Ryan Cooper's picture

I think Nikon's mistake was actually putting out the Z7. If they had just hit the market with the Z6 stating that a pro version was on the way then a lot of the complaints would never have happened. But the fact that the Z7 came too with a big resolution, pro-style sensor, and a pro price point the natural presumption many made was: Z6 = consumer, Z7 = pro. In my opinion, the Z7, as it is, works against them. I think if Nikon had held it back for 6months, worked out all the kinks then released it in a larger form factor pro body with features such as dual card support, eye tracking, better AF, etc then this new line of cameras would have been better off.

Whether or not the Z7 is a "pro" camera (a term I view as meaningless these days), many have come to expect certain features at its price point. Of course Nikon can offer whatever features it wants, but it's not a point of debate that some potential purchasers will be turned off by a single card slot. I personally am also not fond of XQD. Canon has disappointed potential customers with its DSLR card choices in the past too. While the 5DIV has two slots, it's ridiculous that Canon didn't use a faster SD standard and CFast.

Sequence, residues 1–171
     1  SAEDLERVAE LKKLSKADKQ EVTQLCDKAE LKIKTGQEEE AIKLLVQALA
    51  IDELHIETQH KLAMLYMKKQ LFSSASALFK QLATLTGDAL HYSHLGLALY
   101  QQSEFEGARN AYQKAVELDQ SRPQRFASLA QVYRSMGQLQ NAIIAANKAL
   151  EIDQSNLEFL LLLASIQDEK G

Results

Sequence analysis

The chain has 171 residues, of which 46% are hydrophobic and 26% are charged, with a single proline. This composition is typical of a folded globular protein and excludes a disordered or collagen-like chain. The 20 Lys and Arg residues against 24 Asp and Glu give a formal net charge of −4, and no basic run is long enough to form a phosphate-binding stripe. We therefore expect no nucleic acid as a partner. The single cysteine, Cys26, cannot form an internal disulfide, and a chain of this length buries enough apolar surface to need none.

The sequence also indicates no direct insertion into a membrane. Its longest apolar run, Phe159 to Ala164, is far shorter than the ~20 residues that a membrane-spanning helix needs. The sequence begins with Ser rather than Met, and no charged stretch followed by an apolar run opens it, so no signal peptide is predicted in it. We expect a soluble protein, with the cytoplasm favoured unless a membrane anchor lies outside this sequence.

Well put. Pro or not, it's a $3400 body. It should have dual slots.

Rob Davis's picture

Leica's are enthusiast cameras that cost more than twice that with only one card slot.

Douglas Turney's picture

Why are dual slots so important to everyone? Sure I like having them but I don't find it a must. Photographers have shot for decades with only one memory device - Film. They survived. Heck even the early digital cameras only had one slot and I don't recall seeing article after article and post after post screaming for dual slots.